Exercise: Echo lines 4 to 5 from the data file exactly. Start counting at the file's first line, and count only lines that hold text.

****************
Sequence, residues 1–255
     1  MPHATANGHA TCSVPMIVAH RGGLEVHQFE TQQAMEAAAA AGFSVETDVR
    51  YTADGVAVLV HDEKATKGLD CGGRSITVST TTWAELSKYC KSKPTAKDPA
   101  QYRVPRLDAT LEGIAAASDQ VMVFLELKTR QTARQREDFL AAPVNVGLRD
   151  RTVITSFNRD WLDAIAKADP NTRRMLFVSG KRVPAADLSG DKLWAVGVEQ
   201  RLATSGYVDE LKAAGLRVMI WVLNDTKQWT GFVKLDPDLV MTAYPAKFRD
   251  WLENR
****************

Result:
   101  QYRVPRLDAT LEGIAAASDQ VMVFLELKTR QTARQREDFL AAPVNVGLRD
   151  RTVITSFNRD WLDAIAKADP NTRRMLFVSG KRVPAADLSG DKLWAVGVEQ